Although I did not grow up with the practice of journeying through Lent to Easter, it is a season I now look forward to with anticipation. While there is no reference to this liturgical season in the Scriptures, very early on in church history we see Jesus’ followers intentionally keeping this period of preparation leading up to Easter. As the early church grew, they recognized the need to develop practices to orient life towards the pivotal work of God in Jesus Christ. The calendar year itself was divided into sections that guide us to remember and respond to Christ’s birth, life, death and resurrection.
Life is so very full. Many essential and meaningless things alike call for my attention every moment of every day. And in the midst of it all, I can easily be deceived by the insidious lie that life is about me, with God tacked on as an extra. Of course I would never say it like that, but if my life was evaluated in terms of how I actually live, I wonder what the answer would be? So, I know I need all the help I can get to take the real times, places and relationships of my life and submit them to the gracious intervention of God. To slow down and listen to my own life, to consider my own actions, values, desires and motives, to recognize my own sin and brokenness in the presence of God, and pray to the One who gave himself for me, and longs to live his life in me.
Lent challenges me to do all of this. It is a journey with Jesus and to Jesus going the way of the cross–a season for reflection, prayer, confession and fasting. It is a time to re-evaluate whether his “way” of submission, service, and sacrifice really is our “way.” When we walk Jesus’ way, the journey to fullness of life always comes through death. Every day, we are bombarded with messages that success, power, comfort and recognition are what we really need for the good life. Jesus’ way is so unlike our culture and experience that it takes time and effort just to begin to recognize what it can look like in our daily lives.
If this was easy, Lent could be 40 minutes long. It is a journey of 40 days for good reason. And in case we think we are in control of the journey, we begin with Ash Wednesday, receiving the ashen mark of the cross that proclaims our complete frailty and absolute hope in Christ. Only then, in full dependence, do we choose to act, knowing it is God who does his good work in us.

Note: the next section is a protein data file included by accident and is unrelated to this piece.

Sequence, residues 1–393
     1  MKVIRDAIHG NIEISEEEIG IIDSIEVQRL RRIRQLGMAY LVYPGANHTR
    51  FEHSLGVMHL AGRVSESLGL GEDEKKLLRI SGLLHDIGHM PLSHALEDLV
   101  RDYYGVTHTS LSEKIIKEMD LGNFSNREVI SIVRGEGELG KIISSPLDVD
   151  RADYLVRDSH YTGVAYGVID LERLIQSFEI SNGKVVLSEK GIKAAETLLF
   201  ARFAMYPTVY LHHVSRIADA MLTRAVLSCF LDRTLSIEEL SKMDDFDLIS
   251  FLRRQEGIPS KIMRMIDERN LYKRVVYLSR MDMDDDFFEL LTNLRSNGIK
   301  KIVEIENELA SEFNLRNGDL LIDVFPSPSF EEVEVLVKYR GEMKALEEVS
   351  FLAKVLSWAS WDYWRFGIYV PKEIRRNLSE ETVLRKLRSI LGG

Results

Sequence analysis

So what will mark your Lenten journey this year? Will you set aside time for prayer? Will you give up something that wastes time and take up a life-giving activity you have said you don’t have time for? Will you give up spending money on one thing that serves yourself and take up giving that money to serve another? Will you give up something to which you go when you just “need something” (that cup of coffee, snack food…) and take up increased awareness of God as your source of strength? Will you give up certain times you usually fill your mind with the world’s way (TV, media) and take up renewed time to read his Word or other spiritual resources? Will you spend time asking God about the sin that is in your life and receive the gift he died to give . . . his forgiveness and power to live for him. You’ve got 40 days (plus Sundays) . . . take time and see where God will lead you on this Lenten journey.
Read Philippians 3:5-11 and reflect on how you can let the same mind be in you that was in Christ Jesus who died for us. http://www.biblegateway.com/passage/?search=philippians%202:5-11&version=NRSV
Prayer: Lord Jesus, today we answer your call to follow you. We pray that, by your grace, you will open our eyes to where we are walking in our own way. We admit that we are weak, broken and needy, and that in you we find all we need. We pray that, in your goodness, throughout this Lenten journey you will draw us to yourself ,and that as we abide in you, we will walk in fullness of life. Amen
Contributed by Carla Olsen Draper
Pastor of Women’s Ministries, Foothills Alliance Church